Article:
Politicians Vow to Get Anti-Spyware Bill Passed
The so-called Spy Act (Securely Protect Yourself Against Cyber Trespass) overwhelmingly passed in the House in 2004 and 2005, but died in the Senate both times. The latest effort, which features a revised, more hard-hitting bill, is headed by Representatives Edolphus Towns and Mary Bono. The two politicians tabled the bill to the House Energy and Commerce subcommittee focused on consumer protection issues in mid-March.
The new Spy Act imposes strict regulations on what types of actions software is allowed to perform. It would be against the law to "take control" of a user's computer, to collect personal data through keystroke loggers, and to modify one's Internet settings. The bill would also prohibit the gathering of information about a user or his/her behavior without consent. There would, however, be certain exemptions like Web cookies.
Bono, one of the author's of the Spy Act, told CNET she "didn't really have a problem with cookies...because anyone with a slight degree of sophistication on the Internet knows how to delete the cookies. That's not hard to do."
A trade group representing online advertisers has a problem with the part of the bill prohibiting information collection without prior permission from the user. The Interactive Advertising Bureau (IAB) testified against the bill in a Congressional hearing, calling the exemption to cookies "too narrow."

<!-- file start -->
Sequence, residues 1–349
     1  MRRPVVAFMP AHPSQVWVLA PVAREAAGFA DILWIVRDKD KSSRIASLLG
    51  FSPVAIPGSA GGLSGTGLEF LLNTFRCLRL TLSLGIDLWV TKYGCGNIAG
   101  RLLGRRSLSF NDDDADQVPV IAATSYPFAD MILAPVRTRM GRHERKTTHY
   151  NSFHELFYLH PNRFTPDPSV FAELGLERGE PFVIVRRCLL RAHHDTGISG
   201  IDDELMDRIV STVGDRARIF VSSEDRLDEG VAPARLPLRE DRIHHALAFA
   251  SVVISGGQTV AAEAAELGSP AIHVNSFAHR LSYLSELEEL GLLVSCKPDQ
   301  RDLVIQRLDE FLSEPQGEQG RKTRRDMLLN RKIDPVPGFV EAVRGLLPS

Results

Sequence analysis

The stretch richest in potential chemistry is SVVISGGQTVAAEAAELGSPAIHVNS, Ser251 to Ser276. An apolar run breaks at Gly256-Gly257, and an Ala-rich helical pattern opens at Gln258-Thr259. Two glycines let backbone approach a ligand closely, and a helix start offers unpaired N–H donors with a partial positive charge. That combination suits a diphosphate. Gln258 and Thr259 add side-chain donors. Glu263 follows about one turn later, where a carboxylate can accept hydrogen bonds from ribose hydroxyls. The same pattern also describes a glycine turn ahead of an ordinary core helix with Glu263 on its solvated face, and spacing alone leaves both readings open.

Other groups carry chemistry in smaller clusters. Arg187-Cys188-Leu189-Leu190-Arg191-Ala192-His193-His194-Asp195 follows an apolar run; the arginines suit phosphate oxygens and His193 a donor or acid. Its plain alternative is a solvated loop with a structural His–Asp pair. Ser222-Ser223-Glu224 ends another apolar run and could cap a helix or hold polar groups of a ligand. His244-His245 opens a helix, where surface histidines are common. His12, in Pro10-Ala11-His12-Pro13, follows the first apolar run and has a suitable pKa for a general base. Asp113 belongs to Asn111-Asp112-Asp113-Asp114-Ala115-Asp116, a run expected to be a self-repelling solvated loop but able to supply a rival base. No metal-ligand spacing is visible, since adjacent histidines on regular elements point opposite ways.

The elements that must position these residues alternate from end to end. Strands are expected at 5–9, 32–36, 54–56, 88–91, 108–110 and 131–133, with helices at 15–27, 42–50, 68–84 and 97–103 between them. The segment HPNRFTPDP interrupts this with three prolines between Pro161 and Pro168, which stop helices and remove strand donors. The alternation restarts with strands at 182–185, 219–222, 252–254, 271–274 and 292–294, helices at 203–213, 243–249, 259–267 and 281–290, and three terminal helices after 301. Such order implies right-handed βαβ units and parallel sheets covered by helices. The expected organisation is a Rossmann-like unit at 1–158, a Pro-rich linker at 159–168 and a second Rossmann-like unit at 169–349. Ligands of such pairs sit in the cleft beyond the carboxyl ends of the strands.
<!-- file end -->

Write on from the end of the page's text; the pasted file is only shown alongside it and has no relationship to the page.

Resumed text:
"The bill could prohibit certain types of advertising technologies, including cookies or Java scripts of the future," said Mike Zaneis, IAB's VP for Public Policy.
The Federal Trade Commission, which has brought several spyware enforcement cases to court, has in the past complained of the inability to levy large fines on spyware creators. In the re-written Spy Act, the FTC could seek fines as high as $3 million U.S.
Another spyware bill, one that calls on penalties of up to five years in prison and major fines, has also been tabled in an attempt to curb spyware activities.
I-Spy, or the Internet Spyware Prevention Act, is very different from the Spy Act in that it does not define illicit software; it would make it illegal to copy computer code on a machine without authorization if it revealed personal information about a user or put the PC's security at risk.
Representatives Zoe Lofgren and Bob Goodlatte reintroduced I-Spy in March, which actually passed the House on a 395-1 vote back in May 2005, but also died in the Senate weeks later.
In a statement, Lofgren said the bill would protect Americans from Internet crime without disturbing software development.
"Spyware has become a plague for computer users, and Congress must address the mounting negative impact that it is having on our economy. Americans should not be afraid to use the Internet," said Lofgren.
The bills are now in the hands of the U.S. Senate. The question is, will this time be a charm or three strikes and they're out?
What are your thoughts on anti-spyware legislation? Will it deter future spyware authors? Weigh in at firstname.lastname@example.org.